• Are you assuming $[A(t), B(t')]=0$ for all $t,t'$, or only $[A(t), B(t)]=0$ (when $t=t'$)? For the former, then I think the answer is yet and your derivation is basically correct. In the latter case, the time evolution operator does not necessarily factorize. Commented Apr 24, 2022 at 18:31

Your worry is correct. We have the nice property that $$[A,B]=0 \quad \Rightarrow \quad [A,f(B)]=0,$$ which can be seen from a power series expansion of $$f(B)$$, but $$U_A(t)$$ depends on more than just $$A(t)$$, it depends on the whole history of $$A(t^\prime)$$, so we cannot immediately make your conclusion.
Let's formally solve the Schrödinger equation from some initial condition at $$t_0$$ to $$t>t_0$$ by using the Magnus expansion: \begin{align}|\psi(t)\rangle=U(t;t_0)|\psi(t_0)\rangle&=\exp\left[-\frac{i}{\hbar}\Omega(t)\right]|\psi(t_0)\rangle, \end{align} where the phase takes the following form \begin{align} \Omega(t;t_0)=&\int_{t_0}^t H(t^\prime)dt^\prime+\frac{1}{2!}\int_{t_0}^t dt^\prime \int_{t_0}^{t^\prime}dt^{\prime\prime}[H(t^\prime),H(t^{\prime\prime})]\\ &+\frac{1}{3!}\int_{t_0}^t dt^\prime \int_{t_0}^{t^\prime}dt^{\prime\prime}\int_{t_0}^{t^{\prime\prime}}dt^{\prime\prime\prime}\left\{[H(t^\prime),[H(t^{\prime\prime}),H(t^{\prime\prime\prime})]]+[H(t^{\prime\prime\prime}),[H(t^{\prime\prime}),H(t^{\prime})]]\right\}\\&+\cdots. \end{align} Expanding, for example, the second integrand $$[A(t^\prime)+B(t^\prime),A(t^{\prime\prime})+B(t^{\prime\prime})]$$, we immediately notice that we don't just have to worry about the commutators between $$A$$ and $$B$$ or only wory about commutators at equal times. If we extend OP's assumption to be that $$[A(t),B(t^\prime)]=0$$ for all $$t,t^\prime\geq t_0$$, then we find $$\Omega(t;t_0)=\Omega_A(t;t_0)+\Omega_B(t;t_0),$$ with \begin{align} \Omega_A(t;t_0)=&\int_{t_0}^t A(t^\prime)dt^\prime+\frac{1}{2!}\int_{t_0}^t dt^\prime \int_{t_0}^{t^\prime}dt^{\prime\prime}[A(t^\prime),A(t^{\prime\prime})]\\ &+\frac{1}{3!}\int_{t_0}^t dt^\prime \int_{t_0}^{t^\prime}dt^{\prime\prime}\int_{t_0}^{t^{\prime\prime}}dt^{\prime\prime\prime}\left\{[A(t^\prime),[A(t^{\prime\prime}),A(t^{\prime\prime\prime})]]+[A(t^{\prime\prime\prime}),[A(t^{\prime\prime}),A(t^{\prime})]]\right\}\\&+\cdots, \end{align}and similarly for $$\Omega_B$$, as all of the commutators involving both $$A$$ and $$B$$ will always vanish. Then, because each $$\Omega_A$$ only contains terms with $$A$$ and likewise for $$\Omega_B$$, our more stringent assumption allows us to realize that $$[\Omega_A,\Omega_B]=0$$ for all $$t\geq t_0$$, and so the unitary can be factorized into $$U=U_A U_B=U_B U_A$$.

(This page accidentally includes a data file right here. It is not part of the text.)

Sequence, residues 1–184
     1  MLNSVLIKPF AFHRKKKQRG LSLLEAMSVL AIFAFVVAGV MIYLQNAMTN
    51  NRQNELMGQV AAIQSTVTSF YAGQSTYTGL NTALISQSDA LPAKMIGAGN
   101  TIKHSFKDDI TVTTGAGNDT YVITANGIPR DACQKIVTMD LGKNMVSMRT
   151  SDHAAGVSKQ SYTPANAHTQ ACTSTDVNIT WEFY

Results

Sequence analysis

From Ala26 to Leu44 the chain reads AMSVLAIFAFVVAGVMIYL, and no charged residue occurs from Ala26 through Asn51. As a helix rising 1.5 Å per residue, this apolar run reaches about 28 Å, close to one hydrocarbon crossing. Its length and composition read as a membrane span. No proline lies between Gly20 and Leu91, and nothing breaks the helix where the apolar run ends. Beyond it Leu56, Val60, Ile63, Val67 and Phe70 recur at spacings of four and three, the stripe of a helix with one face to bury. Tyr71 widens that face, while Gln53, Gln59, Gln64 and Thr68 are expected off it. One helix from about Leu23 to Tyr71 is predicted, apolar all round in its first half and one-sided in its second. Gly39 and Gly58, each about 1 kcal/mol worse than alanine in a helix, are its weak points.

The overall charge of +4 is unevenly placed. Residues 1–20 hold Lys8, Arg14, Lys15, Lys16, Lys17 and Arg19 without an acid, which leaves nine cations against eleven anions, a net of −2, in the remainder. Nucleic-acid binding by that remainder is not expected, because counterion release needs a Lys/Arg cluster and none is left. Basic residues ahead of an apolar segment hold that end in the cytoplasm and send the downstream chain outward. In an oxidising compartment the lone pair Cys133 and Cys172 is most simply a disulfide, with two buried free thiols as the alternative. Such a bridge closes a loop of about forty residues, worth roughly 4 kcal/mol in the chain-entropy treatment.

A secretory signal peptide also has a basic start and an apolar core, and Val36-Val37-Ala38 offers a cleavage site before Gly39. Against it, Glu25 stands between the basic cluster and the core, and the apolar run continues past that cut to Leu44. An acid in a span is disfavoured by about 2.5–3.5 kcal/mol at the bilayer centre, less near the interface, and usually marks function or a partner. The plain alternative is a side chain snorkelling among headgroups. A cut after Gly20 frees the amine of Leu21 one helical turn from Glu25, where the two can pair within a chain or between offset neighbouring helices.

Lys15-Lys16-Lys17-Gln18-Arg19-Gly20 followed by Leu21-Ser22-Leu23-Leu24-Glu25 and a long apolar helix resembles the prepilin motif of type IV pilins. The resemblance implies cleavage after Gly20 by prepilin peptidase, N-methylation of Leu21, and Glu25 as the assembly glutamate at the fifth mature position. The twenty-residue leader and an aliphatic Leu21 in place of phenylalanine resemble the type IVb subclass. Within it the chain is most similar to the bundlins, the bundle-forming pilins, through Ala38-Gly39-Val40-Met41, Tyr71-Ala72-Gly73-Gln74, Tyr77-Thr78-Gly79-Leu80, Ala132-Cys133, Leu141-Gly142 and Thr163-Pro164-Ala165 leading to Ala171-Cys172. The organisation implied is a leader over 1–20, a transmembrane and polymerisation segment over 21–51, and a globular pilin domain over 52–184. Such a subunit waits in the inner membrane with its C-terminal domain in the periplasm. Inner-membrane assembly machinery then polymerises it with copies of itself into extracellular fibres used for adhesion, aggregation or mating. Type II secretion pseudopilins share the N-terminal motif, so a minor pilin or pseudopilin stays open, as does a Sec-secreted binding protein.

For this, a sufficient condition is that $$[A(t),B(t^\prime)]=0\qquad \forall \quad t,t^\prime \geq t_0.$$ In general, we can expand to ask for \begin{align} \int_{t_0}^{t^\prime} [A(t^\prime),B(t^{\prime\prime})] dt^{\prime\prime}=0, \end{align} now for all $$t^\prime\geq t_0$$. We know the sufficient condition, and this can hold without the sufficient condition for a particular $$t^\prime$$; can we find a different sufficient condition to show our first one to not be necessary? Very artificially, we can consider a situation where $$[A(t^\prime),B(t^{\prime\prime})]\sim \sin [\omega(t^\prime -t^{\prime\prime})]$$. In the limit of infinitely large oscillation frequencies $$\omega$$, the integrated commutators will vanish for all times $$t$$. This is a forced example, and in general we should not expect to find $$U=U_A U_B$$ with only the guarantee that $$[A(t),B(t)]=0$$, but it shows that there may be a number of disparate conditions for which the factorizability of the unitaries may hold. Incidentally, the unitaries may factor by having $$[A(t^\prime),B(t^{\prime\prime})]\sim \cos [\omega(t^\prime -t^{\prime\prime})]$$ in the limit of large $$\omega$$, devoid of the property that $$[A(t),B(t)]=0$$.